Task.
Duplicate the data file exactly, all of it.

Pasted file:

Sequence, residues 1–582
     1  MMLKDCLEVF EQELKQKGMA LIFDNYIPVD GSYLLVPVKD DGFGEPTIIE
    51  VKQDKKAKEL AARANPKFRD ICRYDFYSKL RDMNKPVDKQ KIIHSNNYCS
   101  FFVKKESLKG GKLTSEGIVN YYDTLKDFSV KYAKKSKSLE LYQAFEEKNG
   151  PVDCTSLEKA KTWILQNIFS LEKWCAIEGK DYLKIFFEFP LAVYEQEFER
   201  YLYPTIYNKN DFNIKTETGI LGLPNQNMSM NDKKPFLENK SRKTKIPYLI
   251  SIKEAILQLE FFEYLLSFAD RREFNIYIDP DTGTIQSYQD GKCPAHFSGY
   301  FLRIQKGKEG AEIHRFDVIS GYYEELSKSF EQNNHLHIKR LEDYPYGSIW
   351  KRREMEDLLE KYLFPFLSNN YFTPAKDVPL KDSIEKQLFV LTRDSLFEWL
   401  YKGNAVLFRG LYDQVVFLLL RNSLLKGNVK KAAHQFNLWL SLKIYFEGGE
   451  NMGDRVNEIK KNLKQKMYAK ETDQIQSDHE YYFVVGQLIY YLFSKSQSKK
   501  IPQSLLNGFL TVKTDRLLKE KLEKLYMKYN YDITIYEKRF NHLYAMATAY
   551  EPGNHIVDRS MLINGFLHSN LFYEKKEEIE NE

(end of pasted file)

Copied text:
Sequence, residues 1–582
     1  MMLKDCLEVF EQELKQKGMA LIFDNYIPVD GSYLLVPVKD DGFGEPTIIE
    51  VKQDKKAKEL AARANPKFRD ICRYDFYSKL RDMNKPVDKQ KIIHSNNYCS
   101  FFVKKESLKG GKLTSEGIVN YYDTLKDFSV KYAKKSKSLE LYQAFEEKNG
   151  PVDCTSLEKA KTWILQNIFS LEKWCAIEGK DYLKIFFEFP LAVYEQEFER
   201  YLYPTIYNKN DFNIKTETGI LGLPNQNMSM NDKKPFLENK SRKTKIPYLI
   251  SIKEAILQLE FFEYLLSFAD RREFNIYIDP DTGTIQSYQD GKCPAHFSGY
   301  FLRIQKGKEG AEIHRFDVIS GYYEELSKSF EQNNHLHIKR LEDYPYGSIW
   351  KRREMEDLLE KYLFPFLSNN YFTPAKDVPL KDSIEKQLFV LTRDSLFEWL
   401  YKGNAVLFRG LYDQVVFLLL RNSLLKGNVK KAAHQFNLWL SLKIYFEGGE
   451  NMGDRVNEIK KNLKQKMYAK ETDQIQSDHE YYFVVGQLIY YLFSKSQSKK
   501  IPQSLLNGFL TVKTDRLLKE KLEKLYMKYN YDITIYEKRF NHLYAMATAY
   551  EPGNHIVDRS MLINGFLHSN LFYEKKEEIE NE